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Armchair anguish

In the competition to condemn atrocities, we sometimes forget the atrocities themselves. Acts of collective outrage, despite their forceful street theatre quality, have more often than not whittled down into mere ‘incidents’. Indrajit Hazra writes.

columns Updated: Jun 22, 2013 22:15 IST
Indrajit Hazra
Indrajit Hazra
Hindustan Times
mamata banerjee,delhi gangrape,rape

In the competition to condemn atrocities, we sometimes forget the atrocities themselves. Being aghast becomes a thing unto itself, an act so self-sustaining, so perversely self-satisfying, that those entrusted with the job of stopping ferocious crimes — or, at least, putting the fear of god into potential perpetrators of such crimes — find it not worth their while to react to, let alone act on, such flailing about that may have forgotten its source.

Such acts of collective outrage, despite their forceful street theatre quality, have more often than not whittled down into mere ‘incidents’.

Whether it’s the anti-corruption-Lokpal Bill agitations that now seem like a lightning storm in the pan, or the anti-rape protests that ‘captured’ the nation after the December 16 gang rape in Delhi, such outbursts of anguish start from realising the seriousness of the crime and move on to anger against the apathy or stratagems used by the powers-that-be to ‘defuse the situation’. But then, it’s sudden clear skies again making those protests take on the hue of worthy-but-lost causes.

The horrors committed, against which the initial mass anger is directed, become urban legend genres. Rape is one genre, rape and murder a sub-genre, rape and murder of a minor a niche barbarity in a catalogue of horrors.

Increasingly these days, what follows is the condemnation against the other horror: the obfuscation, the authoritarian shrug, the patronising reassurance that hides the lullaby. Unfortunately, in the staring match between the authorities and the agitated citizenry, the latter almost always is the first to blink.

It is this inability to sustain the anger long enough to make the authorities bring about the desired change in functioning that makes almost all ‘mass’ agitations what they end up being: temporary derangements.

Playing down the seriousness of a heinous crime has been the standard operating procedure for law and order authorities. The citizenry at large has always been happy to help out.

As another armchair-loving friend of mine once had one of his characters say, “It’s like the funny story we have heard too often, we still find it funny, but we don’t laugh any more.”

But a new breakthrough in State response was attained last Monday when Mamata Banerjee visited the home of the 20-year-old college student who was gang-raped and murdered on June 7. (Does the knowledge of exceedingly deep bite-marks found on her throat enhance our nausea?) During her visit to Kamduni, North 24 Parganas, some 30 km from Kolkata, the West Bengal CM faced angry women who wanted real reassurances from her.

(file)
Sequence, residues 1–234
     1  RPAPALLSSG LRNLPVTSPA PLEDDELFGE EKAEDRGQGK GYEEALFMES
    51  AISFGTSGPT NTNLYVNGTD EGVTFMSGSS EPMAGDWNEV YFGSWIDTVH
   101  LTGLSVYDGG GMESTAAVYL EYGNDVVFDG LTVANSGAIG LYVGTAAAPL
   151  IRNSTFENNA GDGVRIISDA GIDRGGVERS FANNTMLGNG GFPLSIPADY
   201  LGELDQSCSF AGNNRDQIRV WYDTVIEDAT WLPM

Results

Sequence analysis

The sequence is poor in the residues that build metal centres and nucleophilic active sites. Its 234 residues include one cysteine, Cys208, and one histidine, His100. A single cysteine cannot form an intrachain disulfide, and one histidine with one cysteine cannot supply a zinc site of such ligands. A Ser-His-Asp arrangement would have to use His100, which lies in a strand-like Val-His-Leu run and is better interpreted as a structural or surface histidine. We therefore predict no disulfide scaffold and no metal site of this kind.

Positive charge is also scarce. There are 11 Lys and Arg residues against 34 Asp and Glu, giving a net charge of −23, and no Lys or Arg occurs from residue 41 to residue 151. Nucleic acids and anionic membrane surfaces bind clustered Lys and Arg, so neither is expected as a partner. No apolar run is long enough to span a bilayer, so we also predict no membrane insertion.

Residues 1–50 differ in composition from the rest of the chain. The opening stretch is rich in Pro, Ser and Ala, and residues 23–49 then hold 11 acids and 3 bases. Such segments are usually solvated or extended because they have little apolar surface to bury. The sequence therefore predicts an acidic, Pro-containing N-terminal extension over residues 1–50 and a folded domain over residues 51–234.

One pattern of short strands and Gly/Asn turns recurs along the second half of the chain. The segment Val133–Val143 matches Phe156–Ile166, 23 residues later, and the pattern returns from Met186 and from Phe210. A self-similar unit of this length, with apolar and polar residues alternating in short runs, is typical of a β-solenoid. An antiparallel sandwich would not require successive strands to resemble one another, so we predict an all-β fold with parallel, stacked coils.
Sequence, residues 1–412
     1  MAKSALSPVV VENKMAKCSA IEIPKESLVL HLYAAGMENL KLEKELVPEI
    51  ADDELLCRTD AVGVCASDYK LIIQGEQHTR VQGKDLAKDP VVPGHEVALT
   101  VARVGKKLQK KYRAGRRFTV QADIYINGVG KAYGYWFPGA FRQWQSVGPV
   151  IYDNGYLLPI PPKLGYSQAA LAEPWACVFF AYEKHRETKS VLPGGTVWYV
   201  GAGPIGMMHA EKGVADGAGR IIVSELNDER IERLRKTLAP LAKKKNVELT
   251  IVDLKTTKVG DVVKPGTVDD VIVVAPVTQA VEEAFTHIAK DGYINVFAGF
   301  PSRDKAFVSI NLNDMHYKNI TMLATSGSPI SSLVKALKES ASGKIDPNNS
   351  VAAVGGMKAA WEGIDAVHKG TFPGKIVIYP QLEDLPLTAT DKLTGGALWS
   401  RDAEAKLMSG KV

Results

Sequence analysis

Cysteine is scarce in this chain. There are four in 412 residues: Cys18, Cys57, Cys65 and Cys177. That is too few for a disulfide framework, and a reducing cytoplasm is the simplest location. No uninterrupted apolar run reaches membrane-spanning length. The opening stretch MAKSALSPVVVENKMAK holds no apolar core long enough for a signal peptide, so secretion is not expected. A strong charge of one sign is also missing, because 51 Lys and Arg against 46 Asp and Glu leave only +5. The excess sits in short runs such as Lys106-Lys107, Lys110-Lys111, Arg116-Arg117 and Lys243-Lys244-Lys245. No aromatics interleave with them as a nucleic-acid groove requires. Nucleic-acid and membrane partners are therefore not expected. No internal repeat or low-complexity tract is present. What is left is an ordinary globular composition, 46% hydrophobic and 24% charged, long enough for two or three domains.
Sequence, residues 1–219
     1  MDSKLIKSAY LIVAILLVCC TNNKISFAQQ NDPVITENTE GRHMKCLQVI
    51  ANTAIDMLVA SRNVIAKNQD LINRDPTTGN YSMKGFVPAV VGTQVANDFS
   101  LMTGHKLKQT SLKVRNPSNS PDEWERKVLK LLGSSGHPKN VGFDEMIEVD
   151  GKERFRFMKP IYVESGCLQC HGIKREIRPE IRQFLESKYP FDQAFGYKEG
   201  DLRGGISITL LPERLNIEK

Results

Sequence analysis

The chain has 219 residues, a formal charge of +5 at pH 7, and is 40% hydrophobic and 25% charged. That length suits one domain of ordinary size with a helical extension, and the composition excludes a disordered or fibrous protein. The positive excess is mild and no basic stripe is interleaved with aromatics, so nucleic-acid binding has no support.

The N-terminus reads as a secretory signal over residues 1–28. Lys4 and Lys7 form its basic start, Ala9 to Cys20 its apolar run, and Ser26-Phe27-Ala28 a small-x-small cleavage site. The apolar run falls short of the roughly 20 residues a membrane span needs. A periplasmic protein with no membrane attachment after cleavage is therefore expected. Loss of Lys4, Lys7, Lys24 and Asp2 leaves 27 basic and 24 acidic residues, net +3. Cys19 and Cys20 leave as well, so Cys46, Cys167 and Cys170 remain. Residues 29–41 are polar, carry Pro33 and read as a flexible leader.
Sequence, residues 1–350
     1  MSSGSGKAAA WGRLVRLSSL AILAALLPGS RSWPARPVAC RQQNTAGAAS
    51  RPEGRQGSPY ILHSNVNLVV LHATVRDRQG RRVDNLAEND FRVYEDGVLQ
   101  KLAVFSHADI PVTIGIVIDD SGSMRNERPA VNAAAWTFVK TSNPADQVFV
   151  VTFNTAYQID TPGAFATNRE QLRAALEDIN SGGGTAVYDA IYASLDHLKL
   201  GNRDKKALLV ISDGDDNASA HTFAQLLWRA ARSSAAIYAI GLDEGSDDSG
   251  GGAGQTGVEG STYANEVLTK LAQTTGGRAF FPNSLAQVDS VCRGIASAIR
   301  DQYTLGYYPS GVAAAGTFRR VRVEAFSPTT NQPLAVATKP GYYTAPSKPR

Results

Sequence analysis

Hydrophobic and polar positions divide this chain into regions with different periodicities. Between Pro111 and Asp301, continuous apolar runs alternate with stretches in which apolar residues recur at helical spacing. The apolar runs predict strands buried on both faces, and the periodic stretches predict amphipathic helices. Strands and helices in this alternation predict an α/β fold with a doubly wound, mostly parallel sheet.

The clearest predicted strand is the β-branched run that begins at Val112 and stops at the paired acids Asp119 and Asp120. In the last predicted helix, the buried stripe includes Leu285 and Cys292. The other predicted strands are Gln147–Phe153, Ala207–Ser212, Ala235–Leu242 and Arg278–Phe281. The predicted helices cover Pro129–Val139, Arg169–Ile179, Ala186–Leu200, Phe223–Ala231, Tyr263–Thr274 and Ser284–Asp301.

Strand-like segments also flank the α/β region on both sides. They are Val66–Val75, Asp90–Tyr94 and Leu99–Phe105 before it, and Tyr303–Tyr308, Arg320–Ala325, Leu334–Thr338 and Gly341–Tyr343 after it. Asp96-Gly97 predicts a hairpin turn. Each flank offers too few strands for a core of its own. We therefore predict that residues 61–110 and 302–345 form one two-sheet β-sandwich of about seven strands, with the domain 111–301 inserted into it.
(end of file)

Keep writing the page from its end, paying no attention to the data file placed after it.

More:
Banerjee did not stick to even providing the usual statutory cosmetic comfort. Neither did she state the traditional line used by many other politicians (including the late Bengal CM Jyoti Basu), ‘These things happen’, to rationalise rape and murder in Bharat-cum-India. What she did was snap and tell the agitators to ‘Shut up!’ “Ami shune niyechhi. Apni beshi kotha bolben na, chope!” (I’ve listened. Don’t talk too much, shut up!), she shouted at a woman who had looked more anguished than angry.

Banerjee then proceeded to launch into her favourite Grand Unified Theory: the CPI(M) was behind the heinous crime. This wasn’t, as some thought it fit to put it, a ‘PR disaster’.

This is how the State reacts when people seek out anything beyond its notion of generous hand-outs. Trinamool’s Saugata Roy actually went on record on national TV to say, “The villagers of Kamduni are suffering from an exaggerated sense of self-importance.”

Five days before Banerjee’s visit there, Trinamool MLA Sushil Biswas had visited another village after another gang rape-murder, this time of a mute-and-deaf 13-year-old girl in Gede, Nadia.

Not understanding a word of what the locals were demanding as compensation and what Biswas was negotiating with his party bosses in Kolkata over the phone, the distraught mother of the girl just crumpled, shut her eyes and sat with her hands folded on the ground in front of the legislator who sat there like some visiting zamindar.

Kamduni and Gede are just two villages in the same country where on Tuesday a 55-year-old woman in Aligarh, Uttar Pradesh, was murdered by a mob with rifle butts for letting her college-going daughter walk around in jeans. The killers were led by a woman who had threatened her before.

I don’t know how outraged the people of Aligarh are over the murder. I don’t know whether Akhilesh Yadav not saying anything — reassuring or rabid — makes the Aligarh murder less reprehensible to us.

Without any visible proof I can’t be sure, but I’m guessing that the prime minister of the country under which Uttar Pradesh and West Bengal and all other states of the Union fall, must feel really bad when he comes across the news of such ‘incidents’ and the way the State deals with them on a daily basis. Frankly, I can’t tell.

But I do know for sure that a people who lack the patience to see it through that the State change its ways when dealing with horrors are as diabolical as the forces they decide to rail against. Actually more, since they facilitate evil while convinced of their own episodic fits of goodness.

First Published: Jun 22, 2013 16:23 IST